Depression: The New Deal And The Great Depression

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The New Deal Era

The Great Depression was the most traumatic and critical economic failings in American history. This capitalistic collapse can be attributed to numerous factors; the Stock Market Crash of 1929, the mass failings of banks, reduction of purchasing power across economic classes, the Smoot-Hawley Tariff and the infamous Dust Bowl. Each of these events seemed to flow into one another causing the depression to be as impactful as it was. During this time period African-Americans as whole were still fighting for equality and due to racism the Great Depression hit the black community hard. After Franklin Roosevelt was elected he and his advisors created a plan to save to save the economy, this was called the New Deal. As with essentially every major law or program established in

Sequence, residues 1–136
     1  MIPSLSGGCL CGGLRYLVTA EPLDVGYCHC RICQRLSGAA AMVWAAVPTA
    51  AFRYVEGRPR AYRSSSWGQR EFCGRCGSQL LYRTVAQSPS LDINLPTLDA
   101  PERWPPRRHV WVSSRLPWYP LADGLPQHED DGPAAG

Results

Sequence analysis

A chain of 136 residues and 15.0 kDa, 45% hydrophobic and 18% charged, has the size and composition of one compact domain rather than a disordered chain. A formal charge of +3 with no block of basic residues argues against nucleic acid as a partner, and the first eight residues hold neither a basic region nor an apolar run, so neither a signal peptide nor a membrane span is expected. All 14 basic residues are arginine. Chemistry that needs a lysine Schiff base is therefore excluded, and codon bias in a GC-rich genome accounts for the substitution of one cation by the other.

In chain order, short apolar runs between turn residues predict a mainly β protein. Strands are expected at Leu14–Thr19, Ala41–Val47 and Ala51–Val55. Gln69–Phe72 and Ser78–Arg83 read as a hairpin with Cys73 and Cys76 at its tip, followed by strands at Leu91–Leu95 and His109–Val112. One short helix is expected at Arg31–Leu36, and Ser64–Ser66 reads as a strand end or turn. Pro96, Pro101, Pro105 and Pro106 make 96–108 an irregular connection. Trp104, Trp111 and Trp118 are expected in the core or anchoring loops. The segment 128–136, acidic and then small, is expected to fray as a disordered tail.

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In 1925 the New York Stock exchange held a value of twenty-seven billion dollars four years later this number exploded to eighty-seven billion dollars. Stock holders during this time more than tripled their investments and others were clamoring to get the same amount of success if not more. Banks would consistently lend money to predominately white investors using a system known as margin purchasing. Essentially the investor would borrow up to seventy-five percent of the cost of the stock from a bank with interest rates as high as 20% with the assumption in mind that this loan would be paid back with plenty of money to spare. These banks would use the money of the bankers who stored their money to fund these loans, again with the knowledge and assumption that it
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